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2005 - Western Political Science Association Pages: 26 pages || Words: 7918 words || 
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1. Kurtz, Karl., Moncrief, Gary., Niemi, Richard. and Powell, Lynda. "Full Time, Part Time and Real Time: Legislators'' Perceptions of Time on the Job" Paper presented at the annual meeting of the Western Political Science Association, Marriott Hotel, Oakland, California, Mar 17, 2005 <Not Available>. 2019-06-20 <http://citation.allacademic.com/meta/p87334_index.html>
Publication Type: Conference Paper/Unpublished Manuscript
Review Method: Peer Reviewed
Abstract: In this paper we report findings from a survey of state legislators in which we ask them about the time they spend being a legislator. As expected, we find substantial differences in self-reported time on the job in different states. But we also find that legislators spend more time on the job than one might anticipate, given the "part-time" nature of many state legislatures. We discuss these findings in the context of the concept of legislative professionalism. Furthermore, we model time on the job as a function of a series of institutional-level and individual-level variables. We also explore the variety of activities involved in the legislative job.

2008 - American Sociological Association Annual Meeting Words: 1 words || 
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2. Perrucci, Robert. and MacDermid, Shelley. "Time and Control in a 24/7 Environment: Clock Time, Work Time, Family Time." Paper presented at the annual meeting of the American Sociological Association Annual Meeting, Sheraton Boston and the Boston Marriott Copley Place, Boston, MA, <Not Available>. 2019-06-20 <http://citation.allacademic.com/meta/p241028_index.html>
Publication Type: Invited Paper

2010 - Seventeenth International Conference of the Council for European Studies Words: 329 words || 
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3. Schütz, Anton. "Good Times, Hard Times, Crisis Times: Historical Potentials of Niklas Luhmann’s Theory of Social Autopoiesis" Paper presented at the annual meeting of the Seventeenth International Conference of the Council for European Studies, Grand Plaza, Montreal, Canada, <Not Available>. 2019-06-20 <http://citation.allacademic.com/meta/p408076_index.html>
Publication Type: Conference Paper/Unpublished Manuscript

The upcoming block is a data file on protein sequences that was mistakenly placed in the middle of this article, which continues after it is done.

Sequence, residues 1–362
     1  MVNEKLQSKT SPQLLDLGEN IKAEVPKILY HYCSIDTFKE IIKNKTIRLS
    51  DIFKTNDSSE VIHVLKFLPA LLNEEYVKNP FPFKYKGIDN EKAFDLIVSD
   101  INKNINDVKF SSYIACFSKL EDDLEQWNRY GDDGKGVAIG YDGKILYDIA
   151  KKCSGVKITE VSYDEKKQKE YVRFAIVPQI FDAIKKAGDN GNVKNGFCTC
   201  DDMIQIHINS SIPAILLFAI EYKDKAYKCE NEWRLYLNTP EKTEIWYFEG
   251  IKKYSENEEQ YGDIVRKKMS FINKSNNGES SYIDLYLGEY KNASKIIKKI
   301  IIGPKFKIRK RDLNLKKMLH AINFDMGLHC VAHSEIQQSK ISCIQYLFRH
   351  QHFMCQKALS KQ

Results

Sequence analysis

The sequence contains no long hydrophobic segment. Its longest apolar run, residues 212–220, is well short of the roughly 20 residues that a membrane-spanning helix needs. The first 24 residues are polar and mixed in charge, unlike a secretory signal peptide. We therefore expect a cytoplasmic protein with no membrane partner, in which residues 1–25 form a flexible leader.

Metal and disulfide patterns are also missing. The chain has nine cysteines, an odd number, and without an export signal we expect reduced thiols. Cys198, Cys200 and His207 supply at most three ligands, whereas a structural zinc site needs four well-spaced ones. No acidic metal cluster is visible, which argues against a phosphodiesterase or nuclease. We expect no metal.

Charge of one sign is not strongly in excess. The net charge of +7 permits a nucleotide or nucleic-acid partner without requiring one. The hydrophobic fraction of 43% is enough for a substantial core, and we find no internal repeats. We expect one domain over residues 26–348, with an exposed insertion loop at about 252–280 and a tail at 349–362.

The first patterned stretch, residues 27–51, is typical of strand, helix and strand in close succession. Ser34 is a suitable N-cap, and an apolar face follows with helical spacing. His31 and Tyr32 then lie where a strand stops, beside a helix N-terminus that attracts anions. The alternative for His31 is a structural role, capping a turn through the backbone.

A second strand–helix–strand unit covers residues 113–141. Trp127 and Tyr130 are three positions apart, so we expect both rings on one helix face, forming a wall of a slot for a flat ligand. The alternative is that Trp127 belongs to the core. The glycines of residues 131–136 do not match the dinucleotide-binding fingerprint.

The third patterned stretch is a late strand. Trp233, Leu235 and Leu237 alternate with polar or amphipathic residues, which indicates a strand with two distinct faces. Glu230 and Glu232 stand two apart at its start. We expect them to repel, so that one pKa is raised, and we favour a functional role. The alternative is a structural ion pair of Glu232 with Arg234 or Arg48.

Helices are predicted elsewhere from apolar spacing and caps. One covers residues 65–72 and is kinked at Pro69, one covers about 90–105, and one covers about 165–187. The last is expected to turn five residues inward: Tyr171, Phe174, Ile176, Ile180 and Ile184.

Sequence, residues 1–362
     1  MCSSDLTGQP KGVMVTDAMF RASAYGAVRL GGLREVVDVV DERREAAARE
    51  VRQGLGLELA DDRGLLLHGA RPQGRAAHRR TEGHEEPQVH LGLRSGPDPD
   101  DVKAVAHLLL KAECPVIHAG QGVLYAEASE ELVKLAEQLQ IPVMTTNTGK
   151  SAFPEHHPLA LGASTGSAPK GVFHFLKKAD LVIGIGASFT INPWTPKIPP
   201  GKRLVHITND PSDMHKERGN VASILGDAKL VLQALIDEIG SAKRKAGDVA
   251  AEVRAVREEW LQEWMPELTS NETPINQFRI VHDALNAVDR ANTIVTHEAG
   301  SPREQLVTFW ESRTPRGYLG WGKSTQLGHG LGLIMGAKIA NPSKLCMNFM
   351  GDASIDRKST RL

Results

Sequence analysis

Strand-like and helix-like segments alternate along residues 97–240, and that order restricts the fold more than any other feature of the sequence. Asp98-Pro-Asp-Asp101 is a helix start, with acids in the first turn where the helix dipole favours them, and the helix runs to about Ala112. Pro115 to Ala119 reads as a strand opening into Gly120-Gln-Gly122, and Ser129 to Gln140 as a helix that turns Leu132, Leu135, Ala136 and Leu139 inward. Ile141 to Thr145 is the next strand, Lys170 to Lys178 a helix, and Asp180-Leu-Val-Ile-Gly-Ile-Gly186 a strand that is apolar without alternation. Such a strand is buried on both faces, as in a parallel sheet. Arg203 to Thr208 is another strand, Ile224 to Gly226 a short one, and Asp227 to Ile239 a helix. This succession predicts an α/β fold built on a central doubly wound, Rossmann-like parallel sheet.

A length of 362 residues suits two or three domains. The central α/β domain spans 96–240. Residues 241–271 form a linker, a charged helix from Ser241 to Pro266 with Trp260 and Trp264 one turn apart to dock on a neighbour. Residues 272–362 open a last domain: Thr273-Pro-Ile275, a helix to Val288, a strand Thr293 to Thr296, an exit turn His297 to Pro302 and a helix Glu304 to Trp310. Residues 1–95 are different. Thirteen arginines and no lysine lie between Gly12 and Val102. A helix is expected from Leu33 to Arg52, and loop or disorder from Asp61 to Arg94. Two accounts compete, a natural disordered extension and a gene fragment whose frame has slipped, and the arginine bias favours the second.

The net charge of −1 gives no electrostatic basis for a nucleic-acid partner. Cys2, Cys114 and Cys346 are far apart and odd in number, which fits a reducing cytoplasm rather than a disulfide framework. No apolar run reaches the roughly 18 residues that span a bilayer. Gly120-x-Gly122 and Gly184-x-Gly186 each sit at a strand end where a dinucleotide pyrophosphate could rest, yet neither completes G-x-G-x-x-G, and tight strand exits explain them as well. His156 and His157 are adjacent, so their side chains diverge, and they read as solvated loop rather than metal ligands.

Abstract: Transcendental philosophy flourishes under the prosperous reign of Frederick the Great in small, then Prussian Königsberg. Two centuries later, systems theory unfolds in Eastern Westphalia’s proverbially provincial Bielefeld under the last effects of post-WWII ‘economic miracle’. And yet, just like Kant, Luhmann’s autopoietic account of modern society takes up the Ant’s point of view, not that of the Cicada. Rejecting the aspiration-led ways of world-making celebrated in Luhmann’s contemporary Frankfurt (as in Kant’s contemporary Berlin), it replaces a rhetoric of promise for a discipline of taking-into-account. Poet Gottfried Benn’s motto “Erkenne die Lage!/Acknowledge the situation!” aptly summarizes this preference.

The task of thinking modern society – and not just economy/ecology – in terms of household and sustainability requires Luhmann to claim (against kantians, hegelians, marxists and the entire consensus of political philosophy) that the world of morals and politics as we know them is a world we have lost beyond recovery; that the function of ethics has shrunk to the duty of ‘warning against morals’; that modern society finds its ultimate reality not in shared values but in the simultaneous co-occurrence of numberless communications; that society results not from consensus maintenance but from communicative events giving rise to further communicative events.

Since Luhmann’s death (1998), the world of world society has changed dramatically. In the West, the turbulent contraction of margins of possibilities has cast the spell crisis on a growing number of issues, and spread a veil of ignorance over the fine line separating use and abuse. Jean de la Fontaine’s fable’s talented singer, the Cicada, has fallen into its winter silence. What has the Ant ‘social autopoiesis’ to suggest in these new conditions? I shall outline some of the challenges that program the upcoming redistribution of responsibilities between ‘politics’ and ‘society’: a rationality of codes, programs that cannot but imperil the values and doctrines of individual entitlement; a depoliticised concept of society; a citizen-individual deprived of her tenure as the ultimate constituent of social reality.